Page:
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Youngstown 4.0.: How Innovation is Revitalizing Manufacturing in America's Heartland (VIDEO)

Posted by IndustryNet on Wednesday, August 14, 2019

RethinkingManufacturing

The National Institute of Standards and Technology (NIST), a division of the U.S. Department of Commerce, recently got in touch with us regarding a video they produced on how technology is revolutionizing manufacturing in small towns and cities across the U.S.

As compilers and publishers of U.S. manufacturing data since 1912, we are proud to publish this compelling look at how innovation is helping hard-hit towns recover their industrial sectors.

The video, which we’ll show at the end of this article, takes an intimate view of two young natives of Youngstown with deep ties to manufacturing, who brought new life back to its industrial sector--setting the course for new generations and Youngstown’s future.

Youngstown Then and Now

In the first in a series of posts on U.S. manufacturing, Zara Brunner, Communications Director of the Office of Advanced Manufacturing at NIST, takes us on a historical tour of fated Youngstown, Ohio–arguably the heart of U.S. steel manufacturing and a favorite destination of many a presidential candidate.

Brunner describes Youngstown as “like many other cities across America,” including her own town of Buffalo, New York, but that following a struggling economy and factory closures, the town is “still fighting to transform.”

A brief look back at Youngstown’s history reveals a turbulent economic past. “Black Monday in the Steel Valley” resulted in thousands of steel workers losing their jobs in Youngstown and other neighboring steel towns.

And although this happened in 1977, the region shed 40,000 jobs over the subsequent decade.

Yet Ms. Brunner notes in her article that Youngstown is showing signs of change. She writes “As I walked and drove through the now shrunken city, I saw encouraging developments. Amidst the boarded-up windows there were growing signs of strength and hope. New opportunities. New businesses. Innovative new technologies that were bringing a different, productive and energetic spirit to the town and inspiring young, educated people to stay, work and build a life right where their families had raised them.”

This glimmer of hope is also reflected in data collected by MNI. According to MNI’s historical data, the state of Ohio lost nearly 200,000 jobs during the Great Recession – one of the hardest-hit states.

But more recent data shows a steady revitalization in recent years as manufacturers began to embrace technology and worker training programs. Public/private partnerships blossomed, and the auto industry revived.

For an in-depth look at Ohio’s manufacturing job growth in the post-recession era, read our post: Ohio Manufacturing Job Growth Accelerates.

Trading Steel Mills for 3D Printers

NIST’s inspiring video follows the story of two young natives of Youngstown and their families. At a time when younger generations are fleeing the depressed economies of their hometowns, these two individuals brought new life to the city’s ailing manufacturing sector through the help of America Makes, the first of the nation’s 14 Manufacturing USA® institutes.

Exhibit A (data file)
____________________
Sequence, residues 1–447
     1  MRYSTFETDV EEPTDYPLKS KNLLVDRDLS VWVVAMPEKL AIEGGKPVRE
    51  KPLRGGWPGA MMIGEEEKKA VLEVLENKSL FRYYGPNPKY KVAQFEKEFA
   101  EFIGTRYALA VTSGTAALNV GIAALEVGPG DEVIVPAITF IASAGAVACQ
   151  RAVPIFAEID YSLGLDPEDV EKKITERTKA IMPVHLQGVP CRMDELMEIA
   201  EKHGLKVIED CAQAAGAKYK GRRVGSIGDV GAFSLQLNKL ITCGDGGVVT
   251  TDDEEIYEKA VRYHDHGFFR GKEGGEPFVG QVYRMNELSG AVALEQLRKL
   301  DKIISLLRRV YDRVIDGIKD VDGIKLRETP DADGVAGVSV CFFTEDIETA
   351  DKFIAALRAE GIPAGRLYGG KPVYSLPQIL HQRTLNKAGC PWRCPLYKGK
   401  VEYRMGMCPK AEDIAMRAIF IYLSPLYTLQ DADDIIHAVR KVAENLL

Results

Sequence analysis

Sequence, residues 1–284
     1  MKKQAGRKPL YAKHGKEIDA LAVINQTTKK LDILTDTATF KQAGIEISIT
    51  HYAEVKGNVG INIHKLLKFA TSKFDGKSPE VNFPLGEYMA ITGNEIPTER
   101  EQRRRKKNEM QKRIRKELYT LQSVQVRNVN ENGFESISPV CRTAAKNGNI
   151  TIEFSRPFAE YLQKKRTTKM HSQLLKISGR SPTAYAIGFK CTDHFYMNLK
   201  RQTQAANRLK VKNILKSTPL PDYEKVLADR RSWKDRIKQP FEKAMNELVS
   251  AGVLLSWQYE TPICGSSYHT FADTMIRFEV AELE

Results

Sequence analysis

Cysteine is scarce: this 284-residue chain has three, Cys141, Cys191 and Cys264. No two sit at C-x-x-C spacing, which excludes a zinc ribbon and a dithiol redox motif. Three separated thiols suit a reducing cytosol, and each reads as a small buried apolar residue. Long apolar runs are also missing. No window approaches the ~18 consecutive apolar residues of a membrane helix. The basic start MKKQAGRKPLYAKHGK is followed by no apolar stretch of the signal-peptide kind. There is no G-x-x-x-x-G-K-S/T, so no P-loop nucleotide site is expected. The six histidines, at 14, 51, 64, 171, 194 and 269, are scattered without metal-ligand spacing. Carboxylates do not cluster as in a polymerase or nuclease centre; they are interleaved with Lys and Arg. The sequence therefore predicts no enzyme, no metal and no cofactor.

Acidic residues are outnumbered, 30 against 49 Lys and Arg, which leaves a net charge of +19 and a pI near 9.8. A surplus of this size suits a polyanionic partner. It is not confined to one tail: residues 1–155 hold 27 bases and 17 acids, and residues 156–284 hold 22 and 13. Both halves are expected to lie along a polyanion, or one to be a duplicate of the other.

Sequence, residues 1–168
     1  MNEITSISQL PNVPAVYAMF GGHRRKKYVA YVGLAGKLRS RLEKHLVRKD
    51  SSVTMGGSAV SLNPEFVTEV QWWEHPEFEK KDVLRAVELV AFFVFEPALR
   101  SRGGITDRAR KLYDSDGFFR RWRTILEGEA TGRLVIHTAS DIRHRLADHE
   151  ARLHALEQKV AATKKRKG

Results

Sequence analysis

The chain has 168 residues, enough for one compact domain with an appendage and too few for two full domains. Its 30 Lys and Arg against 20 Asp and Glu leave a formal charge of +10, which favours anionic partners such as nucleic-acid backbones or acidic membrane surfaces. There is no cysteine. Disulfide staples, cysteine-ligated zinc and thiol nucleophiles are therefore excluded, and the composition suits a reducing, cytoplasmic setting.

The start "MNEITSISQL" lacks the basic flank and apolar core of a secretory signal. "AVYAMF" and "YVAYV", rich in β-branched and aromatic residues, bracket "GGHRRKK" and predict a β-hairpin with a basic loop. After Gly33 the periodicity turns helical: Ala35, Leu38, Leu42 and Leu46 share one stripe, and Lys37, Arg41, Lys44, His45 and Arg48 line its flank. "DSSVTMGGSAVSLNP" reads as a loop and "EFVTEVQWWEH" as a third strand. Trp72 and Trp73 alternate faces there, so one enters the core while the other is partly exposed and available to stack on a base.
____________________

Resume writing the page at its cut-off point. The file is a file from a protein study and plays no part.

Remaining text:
America Makes is an accelerator and collaborative partner for technology research and innovation in additive manufacturing and 3D printing. It is one of 14 manufacturing institutes located all throughout the U.S. that focus on innovative manufacturing processes, revolutionizing all types of industries, from biopharmaceuticals to textiles to electronics. You can read more about America Makes here.

Brunner concludes: “What we do now as a nation, as it relates to advanced manufacturing, has deep implications for future economic growth, energy efficiency, national security, and global competitiveness.

Likewise, it will lay the foundation for the future that we build for our children, communities like Youngstown, the state of Ohio, and indeed, our country.”

About NIST

The National Institute of Standards and Technology (NIST) was founded in 1901 and is now part of the U.S. Department of Commerce. NIST is one of the nation's oldest physical science laboratories.

Congress established the agency to remove a major challenge to U.S. industrial competitiveness at the time—a second-rate measurement infrastructure that lagged behind the capabilities of the United Kingdom, Germany, and other economic rivals.

From the smart electric power grid and electronic health records to atomic clocks, advanced nanomaterials, and computer chips, innumerable products and services rely in some way on technology, measurement, and standards provided by the National Institute of Standards and Technology.

Manufacturing USA® is a network of 14 manufacturing institutes. Each institute is a unique public-private partnership, jointly funded by government and private industry, focused on a different advanced manufacturing technology area but working toward the same goal: to secure America’s future through manufacturing innovation, education, and collaboration. Institutes connect member organizations, work on major research and development collaboration projects to solve industry’s toughest challenges, and train people on advanced manufacturing skills.

About MNI Industry Data

Established in 1912, MNI is the nation's largest and oldest compiler and publisher of U.S. manufacturing data. MNI's 85-person data research team collects and verifies detailed information on 400,000 U.S. manufacturers, providing comprehensive data for industrial sourcing and purchasing as well as industrial prospecting, sales, and business development. Learn more at https://www.mni.net

 

 

 

 

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